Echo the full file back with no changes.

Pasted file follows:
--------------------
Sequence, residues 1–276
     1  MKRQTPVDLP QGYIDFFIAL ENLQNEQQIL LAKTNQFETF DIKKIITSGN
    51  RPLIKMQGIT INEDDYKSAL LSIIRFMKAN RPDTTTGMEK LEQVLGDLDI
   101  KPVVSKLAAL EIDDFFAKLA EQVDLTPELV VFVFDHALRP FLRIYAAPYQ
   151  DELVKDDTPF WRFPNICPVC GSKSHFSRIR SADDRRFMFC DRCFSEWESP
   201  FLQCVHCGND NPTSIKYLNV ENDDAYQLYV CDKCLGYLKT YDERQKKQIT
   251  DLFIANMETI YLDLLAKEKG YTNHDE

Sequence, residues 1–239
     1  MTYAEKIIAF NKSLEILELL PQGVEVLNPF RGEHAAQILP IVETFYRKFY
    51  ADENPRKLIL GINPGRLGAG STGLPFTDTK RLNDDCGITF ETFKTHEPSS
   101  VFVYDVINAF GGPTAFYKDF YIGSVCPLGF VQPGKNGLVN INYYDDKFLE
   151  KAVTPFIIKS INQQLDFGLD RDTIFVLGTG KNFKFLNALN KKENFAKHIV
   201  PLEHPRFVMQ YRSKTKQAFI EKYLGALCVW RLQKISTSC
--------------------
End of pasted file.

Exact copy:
Sequence, residues 1–276
     1  MKRQTPVDLP QGYIDFFIAL ENLQNEQQIL LAKTNQFETF DIKKIITSGN
    51  RPLIKMQGIT INEDDYKSAL LSIIRFMKAN RPDTTTGMEK LEQVLGDLDI
   101  KPVVSKLAAL EIDDFFAKLA EQVDLTPELV VFVFDHALRP FLRIYAAPYQ
   151  DELVKDDTPF WRFPNICPVC GSKSHFSRIR SADDRRFMFC DRCFSEWESP
   201  FLQCVHCGND NPTSIKYLNV ENDDAYQLYV CDKCLGYLKT YDERQKKQIT
   251  DLFIANMETI YLDLLAKEKG YTNHDE

Sequence, residues 1–239
     1  MTYAEKIIAF NKSLEILELL PQGVEVLNPF RGEHAAQILP IVETFYRKFY
    51  ADENPRKLIL GINPGRLGAG STGLPFTDTK RLNDDCGITF ETFKTHEPSS
   101  VFVYDVINAF GGPTAFYKDF YIGSVCPLGF VQPGKNGLVN INYYDDKFLE
   151  KAVTPFIIKS INQQLDFGLD RDTIFVLGTG KNFKFLNALN KKENFAKHIV
   201  PLEHPRFVMQ YRSKTKQAFI EKYLGALCVW RLQKISTSC